In accordance with the invention the nozzle axis can be radial and perpendicular to the passage axis. It can also extend at an acute angle to the passage axis. The inner end can be offset from the center of the passage. In fact means can be provided for moving the inner nozzle end radially of the passage axis to further vary the patterning effect.
The method of this invention therefore comprises the critical step of rotating the inlay nozzle substantially continuously about its nozzle axis so that the patterning of the inlay resin in the matrix resin is a function of the rotation speed of the inlay nozzle. Also important to the method is the fact that the rotation rate of the worm be unrelated to the rotation rate of the nozzle. The nozzle rotation rate is changed to alter the patterning effect of the inlay resin without changing the rotation rate of the worm.
The above and other objects, features, and advantages will become more readily apparent from the following, reference being made to the accompanying drawing in which:
FIG. 1 is a partly diagrammatic axial section through an extruder assembly according to this invention; and
FIGS. 2 and 3 are views like FIG. 1 of alternative arrangements according to the invention.
As seen in FIG. 1 an extruder has a housing 1 in which a worm 2 is rotated by a schematically illustrated drive 9 to deliver a plastified matrix resin to the upstream end of a passage 10 formed in an extrusion die 3 so as to emerge from a downstream end thereof, the flow direction being indicated by an arrow D. According to this invention an inlay-resin injector 4 receiving a plastified inlay resin from an extruder 13 has a shaft 5 extending along an axis 5A and projecting at an inner end into the passage 10. The shaft 5 is formed with an axial passage 6 for the inlay resin and is formed at its inner end with an angled outlet opening 7 so that the resin fed under pressure to the passage 6 exits from the opening 7 into the mass flowing along the passage 10.
According to the invention the axis 5A is radial to a center axis 10A of the passage 10 and the shaft 5 is journaled in the die 3 so that it can be rotated about this axis 5A by a drive illustrated schematically at 11. Such rotation of the nozzle assembly 4 causes the offcenter opening 7 to eject its inlay resin into the matrix-resin mass in the passage 10 at a location that moves within this matrix-resin mass. An actuator 12 can even be provided to move the nozzle 4 along its axis 5A, that is radially of the die axis 10A, to further vary the patterning effect.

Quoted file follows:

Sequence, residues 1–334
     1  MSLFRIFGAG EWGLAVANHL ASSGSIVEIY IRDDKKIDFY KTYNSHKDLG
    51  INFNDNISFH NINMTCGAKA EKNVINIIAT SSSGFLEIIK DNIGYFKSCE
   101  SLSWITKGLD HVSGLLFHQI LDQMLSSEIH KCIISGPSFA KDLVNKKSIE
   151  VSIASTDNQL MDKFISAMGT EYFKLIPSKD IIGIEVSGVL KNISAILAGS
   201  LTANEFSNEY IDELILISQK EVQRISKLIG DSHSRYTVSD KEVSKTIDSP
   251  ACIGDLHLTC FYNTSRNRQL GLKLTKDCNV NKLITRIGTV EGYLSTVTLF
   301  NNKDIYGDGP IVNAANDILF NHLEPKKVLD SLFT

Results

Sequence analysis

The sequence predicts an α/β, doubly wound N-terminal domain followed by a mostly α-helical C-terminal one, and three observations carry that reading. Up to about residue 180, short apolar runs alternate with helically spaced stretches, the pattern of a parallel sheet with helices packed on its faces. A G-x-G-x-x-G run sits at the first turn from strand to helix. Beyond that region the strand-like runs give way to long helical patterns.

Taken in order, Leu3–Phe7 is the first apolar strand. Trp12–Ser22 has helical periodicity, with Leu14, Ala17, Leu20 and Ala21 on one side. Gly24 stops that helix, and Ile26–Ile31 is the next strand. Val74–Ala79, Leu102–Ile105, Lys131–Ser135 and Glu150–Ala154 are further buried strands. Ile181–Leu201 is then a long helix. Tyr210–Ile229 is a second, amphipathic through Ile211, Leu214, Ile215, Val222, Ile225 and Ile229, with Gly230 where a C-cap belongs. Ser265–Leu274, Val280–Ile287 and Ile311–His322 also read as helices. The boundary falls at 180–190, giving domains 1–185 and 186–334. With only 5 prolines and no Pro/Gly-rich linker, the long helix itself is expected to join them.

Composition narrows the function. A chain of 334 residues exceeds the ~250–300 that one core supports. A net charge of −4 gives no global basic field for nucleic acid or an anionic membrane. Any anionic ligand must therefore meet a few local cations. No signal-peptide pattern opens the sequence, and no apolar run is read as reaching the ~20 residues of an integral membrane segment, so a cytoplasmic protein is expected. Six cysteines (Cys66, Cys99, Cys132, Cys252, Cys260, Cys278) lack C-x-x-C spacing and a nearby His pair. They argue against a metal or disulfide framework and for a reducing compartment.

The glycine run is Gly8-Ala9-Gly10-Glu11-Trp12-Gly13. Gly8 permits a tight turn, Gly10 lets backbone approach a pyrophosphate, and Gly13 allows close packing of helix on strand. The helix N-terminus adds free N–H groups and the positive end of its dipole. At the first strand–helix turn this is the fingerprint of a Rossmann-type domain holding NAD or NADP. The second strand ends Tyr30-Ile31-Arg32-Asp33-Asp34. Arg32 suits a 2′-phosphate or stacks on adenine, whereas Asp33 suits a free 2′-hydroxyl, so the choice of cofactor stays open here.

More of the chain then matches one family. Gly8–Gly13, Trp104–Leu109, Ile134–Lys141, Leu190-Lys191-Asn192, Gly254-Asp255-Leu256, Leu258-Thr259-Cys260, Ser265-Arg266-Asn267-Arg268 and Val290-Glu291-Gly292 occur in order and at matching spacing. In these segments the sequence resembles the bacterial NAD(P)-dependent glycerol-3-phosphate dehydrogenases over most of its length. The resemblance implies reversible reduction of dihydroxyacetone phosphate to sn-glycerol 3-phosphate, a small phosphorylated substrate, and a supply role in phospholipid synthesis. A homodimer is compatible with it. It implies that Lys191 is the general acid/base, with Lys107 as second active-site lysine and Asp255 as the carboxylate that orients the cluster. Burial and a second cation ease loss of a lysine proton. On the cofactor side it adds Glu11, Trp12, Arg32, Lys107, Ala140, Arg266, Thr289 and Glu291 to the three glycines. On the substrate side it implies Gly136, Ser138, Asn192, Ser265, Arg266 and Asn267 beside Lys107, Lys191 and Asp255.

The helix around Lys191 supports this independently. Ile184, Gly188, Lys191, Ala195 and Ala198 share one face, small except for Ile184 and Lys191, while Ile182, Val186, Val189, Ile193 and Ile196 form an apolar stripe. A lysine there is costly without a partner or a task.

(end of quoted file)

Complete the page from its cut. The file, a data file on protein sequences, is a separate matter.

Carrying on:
FIG. 2 shows a similar arrangement, but here the shaft 5 has an enlarged frustoconical head 8 formed with a plurality of such openings 7. A bearing 14 is provided to support the shaft 5 in the die 3, and here the axis 5A runs at an acute angle of about 55° to the axis 10A which it intersects. Otherwise this embodiment is identical to that of FIG. 1.
In FIG. 3 the system-is identical to that of FIG. 1 but the inner end of the shaft 5 is pulled back from the axis 10A to be offcenter therein. This system is useful where the matrix-resin mass in the circular-section passage 10 is twisting about the axis 10A due to the effect of the worm 2 as it produces a marked surface patterning.
|Cited Patent||Filing date||Publication date||Applicant||Title|
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|US3531828 *||Jan 3, 1967||Oct 6, 1970||Rowland Products Inc||Apparatus for making synthetic plastic sheet material with color pattern|
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|US4834639 *||Jan 13, 1988||May 30, 1989||W. Dollken & Co. Gmbh||Apparatus for making a thermoplastic product from a base plastic material and at least one marbling additive material|
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|Citing Patent||Filing date||Publication date||Applicant||Title|
|US5626892 *||Nov 24, 1993||May 6, 1997||Nabisco, Inc.||Method for production of multi-flavored and multi-colored chewing gum|
|US5955116 *||Dec 17, 1996||Sep 21, 1999||Nabisco Technology Company||Method and apparatus for production of multi-flavored and multi-colored chewing gum|
|US6626206||Jan 20, 2000||Sep 30, 2003||Extrusion Dies, Inc.||Feedblock for adjusting the dimensions of a set of co-extruded layers of a multi-layer sheet|
|US8021597||Sep 5, 2008||Sep 20, 2011||Mauser-Werke Gmbh||Method and apparatus for producing plastic containers|
|US20100052208 *||Sep 5, 2008||Mar 4, 2010||Mauser-Werke Gmbh||Method and apparatus for producing plastic containers|
|WO2009040009A3 *||Sep 5, 2008||Aug 6, 2009||Jan Peter Jacobs||Method and device for the production of plastic containers|
|U.S. Classification||425/131.1, 425/206, 264/75, 425/381, 264/245, 425/462, 264/349|
|Cooperative Classification||B29C47/046, B29C47/003|
|May 13, 1991||AS||Assignment|
Owner name: W. DOLLKEN & CO. GMBH A CORP. OF GERMANY, GERMAN
Free format text: ASSIGNMENT OF ASSIGNORS INTEREST.;ASSIGNOR:LAARMANN, WILLI;REEL/FRAME:005716/0845
Effective date: 19910504
|Aug 2, 1995||FPAY||Fee payment|
Year of fee payment: 4
|Jul 27, 1999||FPAY||Fee payment|
Year of fee payment: 8
|Sep 3, 2003||REMI||Maintenance fee reminder mailed|
|Feb 18, 2004||LAPS||Lapse for failure to pay maintenance fees|
|Apr 13, 2004||FP||Expired due to failure to pay maintenance fee|
Effective date: 20040218